The One Thing To Learn During Financial Literacy Month
You may or may not know that November is Financial Literacy Month. A whole month dedicating to learning about budgeting, investing, insurance, estate planning, taxation – woah! That’s a lot of information to take in. So here’s the deal…
If you are only going to take away one thing from Financial Literacy Month, it’s this:
Learn How to Calculate Your Net Worth
What’s My Net Worth??
The Net Worth Statement is a financial tool that takes a snapshot of where you are financially today, so that you can compare at a point in the future and ensure you are heading in the right financial direction.
Let’s break it down so you can create your own (it’ll only take 15 minutes).
We all work hard to earn an income and with that money we can purchase assets. Below is a list of common assets to include on your net worth statement:
- House Value
- RRSP Investments
- TFSA Investments
- Bank Account Balance
- Other Investments
For the purpose of this exercise, we like to leave out things like your vehicle and collectibles because generally these are things you use on a daily basis or don’t plan on getting rid of. To calculate your total assets, list them all out and add them up. It’s that easy. You are now halfway done calculating your net worth.
Liabilities are best defined as things we owe, commonly referred to as debts. To complete the second half of the equation, you need to add up all of your debts. In addition to this, we like to list the interest rate of these debts next to the balance. This really helps when prioritizing debt repayment. Once again, we’ve created a list below to help you out with what to include:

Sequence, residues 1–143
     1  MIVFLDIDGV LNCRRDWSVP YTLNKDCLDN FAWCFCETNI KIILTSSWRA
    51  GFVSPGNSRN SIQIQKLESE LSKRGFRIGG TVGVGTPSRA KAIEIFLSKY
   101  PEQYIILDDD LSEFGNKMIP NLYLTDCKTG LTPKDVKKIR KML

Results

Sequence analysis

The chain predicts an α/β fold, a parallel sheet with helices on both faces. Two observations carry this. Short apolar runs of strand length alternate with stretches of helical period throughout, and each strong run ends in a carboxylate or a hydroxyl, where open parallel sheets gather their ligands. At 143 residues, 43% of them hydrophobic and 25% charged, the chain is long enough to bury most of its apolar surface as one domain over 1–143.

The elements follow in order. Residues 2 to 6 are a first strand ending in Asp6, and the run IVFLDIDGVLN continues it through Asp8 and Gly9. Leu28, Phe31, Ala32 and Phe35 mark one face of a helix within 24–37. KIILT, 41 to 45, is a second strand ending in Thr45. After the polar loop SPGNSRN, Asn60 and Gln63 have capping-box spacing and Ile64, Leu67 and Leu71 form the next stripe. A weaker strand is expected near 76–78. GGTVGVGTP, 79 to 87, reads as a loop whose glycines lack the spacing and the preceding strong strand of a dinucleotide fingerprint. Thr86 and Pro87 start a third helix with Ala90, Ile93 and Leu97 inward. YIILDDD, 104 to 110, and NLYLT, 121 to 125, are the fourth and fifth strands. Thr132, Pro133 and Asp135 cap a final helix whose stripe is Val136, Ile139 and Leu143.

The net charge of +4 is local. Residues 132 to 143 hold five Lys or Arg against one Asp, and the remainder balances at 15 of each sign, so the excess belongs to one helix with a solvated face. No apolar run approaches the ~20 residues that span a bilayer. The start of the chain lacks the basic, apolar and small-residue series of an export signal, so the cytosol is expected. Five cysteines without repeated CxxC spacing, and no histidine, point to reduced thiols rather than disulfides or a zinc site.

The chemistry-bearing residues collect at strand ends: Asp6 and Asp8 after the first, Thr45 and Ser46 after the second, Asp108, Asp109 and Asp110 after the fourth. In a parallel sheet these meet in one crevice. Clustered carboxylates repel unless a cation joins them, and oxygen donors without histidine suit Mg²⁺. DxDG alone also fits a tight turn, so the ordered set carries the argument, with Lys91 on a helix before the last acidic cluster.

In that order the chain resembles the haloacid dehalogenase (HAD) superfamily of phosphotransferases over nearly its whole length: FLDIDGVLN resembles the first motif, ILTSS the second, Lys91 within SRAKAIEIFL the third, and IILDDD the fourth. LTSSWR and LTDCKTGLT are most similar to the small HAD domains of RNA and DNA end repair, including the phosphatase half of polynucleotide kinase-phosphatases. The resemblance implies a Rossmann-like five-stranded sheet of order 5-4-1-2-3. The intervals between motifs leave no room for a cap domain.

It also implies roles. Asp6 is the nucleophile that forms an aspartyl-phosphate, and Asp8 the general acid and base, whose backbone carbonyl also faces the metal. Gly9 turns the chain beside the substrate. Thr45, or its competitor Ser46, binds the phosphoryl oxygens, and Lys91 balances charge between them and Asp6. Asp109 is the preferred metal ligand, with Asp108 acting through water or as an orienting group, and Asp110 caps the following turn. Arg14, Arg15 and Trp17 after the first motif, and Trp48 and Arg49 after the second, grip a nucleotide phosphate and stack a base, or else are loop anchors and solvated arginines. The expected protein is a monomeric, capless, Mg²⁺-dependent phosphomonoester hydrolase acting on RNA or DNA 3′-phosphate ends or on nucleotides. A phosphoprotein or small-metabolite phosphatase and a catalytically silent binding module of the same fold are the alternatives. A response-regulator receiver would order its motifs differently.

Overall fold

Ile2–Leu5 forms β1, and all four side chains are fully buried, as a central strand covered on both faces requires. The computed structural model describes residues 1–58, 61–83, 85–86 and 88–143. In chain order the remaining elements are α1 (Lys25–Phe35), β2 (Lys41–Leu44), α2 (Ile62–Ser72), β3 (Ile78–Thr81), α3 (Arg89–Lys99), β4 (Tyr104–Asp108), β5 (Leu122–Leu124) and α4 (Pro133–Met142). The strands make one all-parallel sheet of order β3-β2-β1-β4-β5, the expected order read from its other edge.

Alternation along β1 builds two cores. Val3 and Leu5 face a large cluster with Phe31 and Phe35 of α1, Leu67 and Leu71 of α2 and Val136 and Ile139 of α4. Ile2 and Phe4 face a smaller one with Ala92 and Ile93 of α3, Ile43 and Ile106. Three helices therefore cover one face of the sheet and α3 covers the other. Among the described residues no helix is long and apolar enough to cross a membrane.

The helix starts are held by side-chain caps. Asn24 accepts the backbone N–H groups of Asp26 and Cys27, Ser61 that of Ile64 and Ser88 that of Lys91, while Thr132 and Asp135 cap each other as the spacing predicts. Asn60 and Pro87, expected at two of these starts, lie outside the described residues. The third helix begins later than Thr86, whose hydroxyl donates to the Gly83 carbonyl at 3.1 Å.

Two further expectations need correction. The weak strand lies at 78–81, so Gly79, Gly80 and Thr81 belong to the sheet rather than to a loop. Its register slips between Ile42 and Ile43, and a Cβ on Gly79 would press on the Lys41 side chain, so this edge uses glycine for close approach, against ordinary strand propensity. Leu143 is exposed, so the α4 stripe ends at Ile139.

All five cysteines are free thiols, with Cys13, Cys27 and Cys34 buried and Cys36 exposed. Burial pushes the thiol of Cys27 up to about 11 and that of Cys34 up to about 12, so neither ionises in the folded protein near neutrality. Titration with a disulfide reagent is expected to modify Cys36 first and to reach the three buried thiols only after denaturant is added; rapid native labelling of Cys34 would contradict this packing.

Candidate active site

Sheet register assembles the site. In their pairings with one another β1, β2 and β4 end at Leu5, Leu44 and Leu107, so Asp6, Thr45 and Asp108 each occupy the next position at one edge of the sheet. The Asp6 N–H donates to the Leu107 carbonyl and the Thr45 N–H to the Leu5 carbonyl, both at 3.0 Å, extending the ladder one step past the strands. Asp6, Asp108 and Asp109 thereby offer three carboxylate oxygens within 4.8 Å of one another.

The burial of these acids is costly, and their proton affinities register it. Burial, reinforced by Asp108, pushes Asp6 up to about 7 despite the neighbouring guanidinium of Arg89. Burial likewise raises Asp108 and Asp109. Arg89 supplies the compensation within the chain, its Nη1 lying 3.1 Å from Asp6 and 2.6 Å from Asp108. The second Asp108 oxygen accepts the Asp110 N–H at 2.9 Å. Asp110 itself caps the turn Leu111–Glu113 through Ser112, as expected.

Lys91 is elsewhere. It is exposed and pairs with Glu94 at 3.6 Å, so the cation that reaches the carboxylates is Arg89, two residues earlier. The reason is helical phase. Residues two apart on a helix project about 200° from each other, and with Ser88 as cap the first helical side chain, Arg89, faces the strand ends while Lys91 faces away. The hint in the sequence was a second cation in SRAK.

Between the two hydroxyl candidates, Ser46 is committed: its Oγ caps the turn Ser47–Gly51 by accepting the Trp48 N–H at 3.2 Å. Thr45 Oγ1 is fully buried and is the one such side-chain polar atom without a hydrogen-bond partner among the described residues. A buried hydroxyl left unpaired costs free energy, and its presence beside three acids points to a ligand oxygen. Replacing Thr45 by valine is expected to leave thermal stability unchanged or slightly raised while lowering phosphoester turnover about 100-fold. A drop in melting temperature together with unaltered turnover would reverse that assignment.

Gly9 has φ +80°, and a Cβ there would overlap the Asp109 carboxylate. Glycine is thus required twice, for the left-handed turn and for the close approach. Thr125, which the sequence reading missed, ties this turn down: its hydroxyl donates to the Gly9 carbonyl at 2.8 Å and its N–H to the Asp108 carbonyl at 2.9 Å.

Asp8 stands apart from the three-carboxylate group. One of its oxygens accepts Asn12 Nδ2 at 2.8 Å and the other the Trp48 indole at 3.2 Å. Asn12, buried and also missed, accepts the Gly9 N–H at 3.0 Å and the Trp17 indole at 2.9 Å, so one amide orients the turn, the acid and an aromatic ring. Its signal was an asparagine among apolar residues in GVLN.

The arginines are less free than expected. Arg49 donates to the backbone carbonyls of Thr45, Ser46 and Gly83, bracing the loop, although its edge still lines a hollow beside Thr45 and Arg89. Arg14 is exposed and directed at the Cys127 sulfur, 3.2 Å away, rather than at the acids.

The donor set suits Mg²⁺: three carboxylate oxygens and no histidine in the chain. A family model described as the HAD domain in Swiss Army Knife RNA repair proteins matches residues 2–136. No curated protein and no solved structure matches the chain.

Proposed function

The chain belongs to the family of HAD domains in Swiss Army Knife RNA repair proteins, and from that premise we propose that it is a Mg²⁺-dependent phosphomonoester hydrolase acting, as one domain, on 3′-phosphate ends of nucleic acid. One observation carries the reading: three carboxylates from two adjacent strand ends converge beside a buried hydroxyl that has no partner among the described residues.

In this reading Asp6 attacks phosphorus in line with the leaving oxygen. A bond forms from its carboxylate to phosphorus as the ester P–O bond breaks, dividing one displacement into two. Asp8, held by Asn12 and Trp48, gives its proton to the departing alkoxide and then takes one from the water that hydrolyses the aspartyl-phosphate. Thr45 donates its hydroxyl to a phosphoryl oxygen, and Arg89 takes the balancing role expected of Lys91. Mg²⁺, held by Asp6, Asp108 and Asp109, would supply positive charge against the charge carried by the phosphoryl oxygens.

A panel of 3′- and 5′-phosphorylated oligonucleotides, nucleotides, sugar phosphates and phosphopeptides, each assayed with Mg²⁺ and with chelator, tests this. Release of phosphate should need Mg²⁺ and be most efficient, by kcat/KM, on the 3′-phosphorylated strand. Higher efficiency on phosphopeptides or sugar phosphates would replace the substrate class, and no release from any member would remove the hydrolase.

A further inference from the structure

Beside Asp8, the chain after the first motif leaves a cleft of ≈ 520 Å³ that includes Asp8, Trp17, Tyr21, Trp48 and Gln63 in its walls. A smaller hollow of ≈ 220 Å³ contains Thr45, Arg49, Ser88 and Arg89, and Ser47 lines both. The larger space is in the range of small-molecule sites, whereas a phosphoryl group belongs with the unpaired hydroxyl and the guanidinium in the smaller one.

- Mortgage Balance
- Credit card debts
- Car Loans
- Student Loans
- Line of Credit
- Family Loan
Once listed, add them all up and you’ve got your total liabilities.
To calculate your Net Worth, all you have to do is subtract your liabilities from your assets. Looks like this:
Assets – Liabilities = Net Worth
If you have a positive number, congratulations! You own more than owe and are likely already heading in the right direction of accumulating more assets for your future. If you have a negative net worth, don’t fret. It’s common for students to have large student loans or lines of credit and new graduates to have car loans. The idea here is that you want to be increasing your Net Worth by paying off those debts. If there’s one good thing about debt it’s this: paying it off increases your Net Worth automatically. If you have a negative net worth and it keeps getting worse, you’re going to have to make some behavioural changes in how you spend your money.
Tracking your net worth on an annual basis just makes financial sense. If you’d like a sample template to print and complete, send me an email to request one: firstname.lastname@example.org.